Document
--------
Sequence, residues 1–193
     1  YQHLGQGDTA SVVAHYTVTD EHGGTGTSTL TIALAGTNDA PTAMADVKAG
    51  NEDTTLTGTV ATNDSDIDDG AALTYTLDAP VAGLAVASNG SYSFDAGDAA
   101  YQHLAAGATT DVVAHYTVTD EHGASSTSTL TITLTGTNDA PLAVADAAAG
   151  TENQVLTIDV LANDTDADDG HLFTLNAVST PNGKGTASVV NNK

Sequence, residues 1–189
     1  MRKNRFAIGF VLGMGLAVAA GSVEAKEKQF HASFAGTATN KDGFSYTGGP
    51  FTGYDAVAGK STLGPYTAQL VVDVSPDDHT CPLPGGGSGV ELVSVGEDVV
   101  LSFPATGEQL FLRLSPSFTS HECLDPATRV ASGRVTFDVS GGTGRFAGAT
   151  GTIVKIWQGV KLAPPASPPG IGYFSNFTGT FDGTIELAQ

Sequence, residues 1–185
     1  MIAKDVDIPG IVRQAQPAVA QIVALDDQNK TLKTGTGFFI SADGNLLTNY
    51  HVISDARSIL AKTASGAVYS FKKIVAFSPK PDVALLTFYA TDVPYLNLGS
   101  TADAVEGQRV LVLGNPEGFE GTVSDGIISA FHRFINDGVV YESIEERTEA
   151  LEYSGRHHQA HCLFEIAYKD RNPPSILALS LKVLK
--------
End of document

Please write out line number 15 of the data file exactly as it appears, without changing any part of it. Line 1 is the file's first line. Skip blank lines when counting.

   151  LEYSGRHHQA HCLFEIAYKD RNPPSILALS LKVLK